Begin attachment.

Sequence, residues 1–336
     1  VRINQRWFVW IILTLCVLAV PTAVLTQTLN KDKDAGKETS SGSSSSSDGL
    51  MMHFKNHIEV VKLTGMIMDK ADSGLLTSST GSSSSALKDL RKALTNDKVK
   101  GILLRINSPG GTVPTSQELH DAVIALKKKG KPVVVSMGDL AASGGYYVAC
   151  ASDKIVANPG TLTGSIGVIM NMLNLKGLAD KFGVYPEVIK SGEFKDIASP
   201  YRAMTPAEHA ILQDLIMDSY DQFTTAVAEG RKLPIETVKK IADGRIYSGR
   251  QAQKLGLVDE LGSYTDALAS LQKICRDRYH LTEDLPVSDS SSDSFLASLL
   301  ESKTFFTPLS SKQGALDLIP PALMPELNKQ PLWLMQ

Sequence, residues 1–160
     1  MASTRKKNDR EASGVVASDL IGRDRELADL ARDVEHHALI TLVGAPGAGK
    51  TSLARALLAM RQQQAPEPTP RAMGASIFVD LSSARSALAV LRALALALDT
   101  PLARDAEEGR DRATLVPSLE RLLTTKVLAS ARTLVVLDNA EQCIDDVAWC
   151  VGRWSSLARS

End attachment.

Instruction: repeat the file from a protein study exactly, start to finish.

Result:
Sequence, residues 1–336
     1  VRINQRWFVW IILTLCVLAV PTAVLTQTLN KDKDAGKETS SGSSSSSDGL
    51  MMHFKNHIEV VKLTGMIMDK ADSGLLTSST GSSSSALKDL RKALTNDKVK
   101  GILLRINSPG GTVPTSQELH DAVIALKKKG KPVVVSMGDL AASGGYYVAC
   151  ASDKIVANPG TLTGSIGVIM NMLNLKGLAD KFGVYPEVIK SGEFKDIASP
   201  YRAMTPAEHA ILQDLIMDSY DQFTTAVAEG RKLPIETVKK IADGRIYSGR
   251  QAQKLGLVDE LGSYTDALAS LQKICRDRYH LTEDLPVSDS SSDSFLASLL
   301  ESKTFFTPLS SKQGALDLIP PALMPELNKQ PLWLMQ

Sequence, residues 1–160
     1  MASTRKKNDR EASGVVASDL IGRDRELADL ARDVEHHALI TLVGAPGAGK
    51  TSLARALLAM RQQQAPEPTP RAMGASIFVD LSSARSALAV LRALALALDT
   101  PLARDAEEGR DRATLVPSLE RLLTTKVLAS ARTLVVLDNA EQCIDDVAWC
   151  VGRWSSLARS